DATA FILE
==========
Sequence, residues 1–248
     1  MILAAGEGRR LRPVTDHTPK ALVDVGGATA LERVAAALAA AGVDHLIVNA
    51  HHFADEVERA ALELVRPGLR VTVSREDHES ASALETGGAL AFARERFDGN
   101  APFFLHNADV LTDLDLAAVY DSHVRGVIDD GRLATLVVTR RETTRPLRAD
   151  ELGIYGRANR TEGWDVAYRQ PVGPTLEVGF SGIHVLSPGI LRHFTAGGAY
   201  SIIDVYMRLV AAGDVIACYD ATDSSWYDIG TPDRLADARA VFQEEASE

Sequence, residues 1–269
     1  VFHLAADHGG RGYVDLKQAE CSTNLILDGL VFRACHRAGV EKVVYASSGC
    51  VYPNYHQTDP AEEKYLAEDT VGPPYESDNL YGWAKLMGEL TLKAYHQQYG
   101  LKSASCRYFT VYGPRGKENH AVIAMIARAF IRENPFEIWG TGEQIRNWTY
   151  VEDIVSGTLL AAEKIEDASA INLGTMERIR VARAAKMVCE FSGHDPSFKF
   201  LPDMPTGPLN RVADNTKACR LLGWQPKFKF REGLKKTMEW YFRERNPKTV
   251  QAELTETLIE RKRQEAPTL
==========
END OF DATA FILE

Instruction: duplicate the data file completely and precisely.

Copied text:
Sequence, residues 1–248
     1  MILAAGEGRR LRPVTDHTPK ALVDVGGATA LERVAAALAA AGVDHLIVNA
    51  HHFADEVERA ALELVRPGLR VTVSREDHES ASALETGGAL AFARERFDGN
   101  APFFLHNADV LTDLDLAAVY DSHVRGVIDD GRLATLVVTR RETTRPLRAD
   151  ELGIYGRANR TEGWDVAYRQ PVGPTLEVGF SGIHVLSPGI LRHFTAGGAY
   201  SIIDVYMRLV AAGDVIACYD ATDSSWYDIG TPDRLADARA VFQEEASE

Sequence, residues 1–269
     1  VFHLAADHGG RGYVDLKQAE CSTNLILDGL VFRACHRAGV EKVVYASSGC
    51  VYPNYHQTDP AEEKYLAEDT VGPPYESDNL YGWAKLMGEL TLKAYHQQYG
   101  LKSASCRYFT VYGPRGKENH AVIAMIARAF IRENPFEIWG TGEQIRNWTY
   151  VEDIVSGTLL AAEKIEDASA INLGTMERIR VARAAKMVCE FSGHDPSFKF
   201  LPDMPTGPLN RVADNTKACR LLGWQPKFKF REGLKKTMEW YFRERNPKTV
   251  QAELTETLIE RKRQEAPTL